Nursing counselor to determine if the course must be repeated.
3. All selected applicant must be able to perform specified manipulative and/or sen-
sory functions, as follows:
Selection Procedures
a. Be able to hear well enough (average of 30 decibel for both ears) to respond to
1. Once prospective students have met the minimum academics and other require- calls for help from individuals remote from the location of the student.
ments, they are eligible to file an application. b. Be able to safely maneuver the equipment used to administer medications orally
2. Students who have completed three of the four pre-requisites may submit a condi- and intramuscularly and be able to see and hear well enough to monitor indica-
tional application that will be evaluated and considered for admission only if there tions on the instruments regarding the medications being administered.
are not enough eligible applicants to fill the available spaces in the entering class. c. Be able to start effective cardiopulmonary resuscitation.
3. Applications and all required documents must be submitted by the deadlines to be d. Be able to maneuver a totally helpless adult to the side of a bed and to turn and
considered for admission. position the patient.
4. Completed applications that have met the deadlines undergo an in-depth evalua- e. Be able to physically maneuver and support a helpless adult.
tion, considering such factors as recency of science pre-requisites, equivalences for
courses taken at other academic institutions and computing the candidates’ score f. Be able to see well enough to observe critical symptomatology; have sufficient
using a mathematical formula that is a combination of overall GPA, core science manipulative ability to record such symptomatology in writing.
GPA, English GPA and any documented repetition (failures or withdrawals) of core g. Be able to maneuver well enough to physically protect himself or herself from
science classes possible injury caused by emotionally disturbed or combative patients.

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74 CAREER AND CERTIFICATE PROGRAMS

Nursing continued…
h. Have sufficient physical mobility to respond rapidly to situations involving the
health and safety of patients.
4. To enroll in nursing coursework, the selected applicant needs to be free from any
physical, behavioral, emotional or mental condition that would adversely affect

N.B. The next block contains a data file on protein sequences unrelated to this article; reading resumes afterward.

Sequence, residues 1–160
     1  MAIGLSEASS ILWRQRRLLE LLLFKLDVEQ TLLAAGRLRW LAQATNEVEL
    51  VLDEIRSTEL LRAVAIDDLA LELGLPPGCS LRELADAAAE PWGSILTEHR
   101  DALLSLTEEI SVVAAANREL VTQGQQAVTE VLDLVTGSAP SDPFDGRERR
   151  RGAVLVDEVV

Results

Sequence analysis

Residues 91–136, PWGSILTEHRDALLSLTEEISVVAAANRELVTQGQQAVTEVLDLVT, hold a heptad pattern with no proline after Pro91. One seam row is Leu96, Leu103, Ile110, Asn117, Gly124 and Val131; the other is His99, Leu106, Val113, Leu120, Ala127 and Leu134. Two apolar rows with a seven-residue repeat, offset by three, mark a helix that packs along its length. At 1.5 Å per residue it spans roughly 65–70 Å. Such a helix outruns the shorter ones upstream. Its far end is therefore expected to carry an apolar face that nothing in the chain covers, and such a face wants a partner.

their behavior so as to create an undue risk or harm to himself or herself, other
students, instructors, or other persons. If an applicant disputes a determination
that they are not free from such a physical, behavioral, emotional or mental condi-
tion, the Program Director shall confer with the Nursing Admission/Retention
Committee. The applicant may be required, at their expense, to be examined by
either a licensed physician and/or surgeon, or by a licensed clinical psychologist.
If the health practitioner deems the applicant safe to participate in the nursing pro-
gram, the information is shared with the Admission and Retention committee and
the committee determines if the applicant is granted admission.
The above conditions also apply to students who are currently enrolled in the Nursing
DEGREES & PROGRAMS

Program. Maintenance of good health (physical, behavioral and emotional) is essential


for continuation, and the criteria and conditions explained above are operative through-
out the student’s time in the program.
CERTIFICATE OF ACHIEVEMENT
Transfer Credit and Credit by Examination for Applicants with Previous Nursing
Education Career Ladder Option Associate Degree Program
Applicants with previous nursing education in an approved school of nursing (RN) may (For Licensed Vocational Nurses)
apply for transfer credit and/or credit by examination. Course and unit credit is awarded for Nursing G100, G150. After taking the following
General Policy: pre-requisites and Nursing G190 Transition to Registered Nursing course, the student
A student may challenge any Golden West College nursing course and in order to do so usually begins the nursing program at the second year level.
must meet the following Nursing Program entrance requirements: A minimum grade of C or P (pass) must be achieved in each course required for this
1. Acceptance as a regular student at Golden West College including meeting all program.
program academic and other requirements.
Prerequisite Courses and license Units
2. Completion of 12 college units with GPA of at least 2.0. Biology G175 Human Physiology 4
3. Qualifying test scores on the college placement test in English and Math. Biology G210 Microbiology 5
4. Evidence of physical and emotional fitness by medical examination. Psychology G160 Human Growth & Development 3
Biology G170 Human Anatomy 4
Transfer Credit: Biology G200 Pharmacology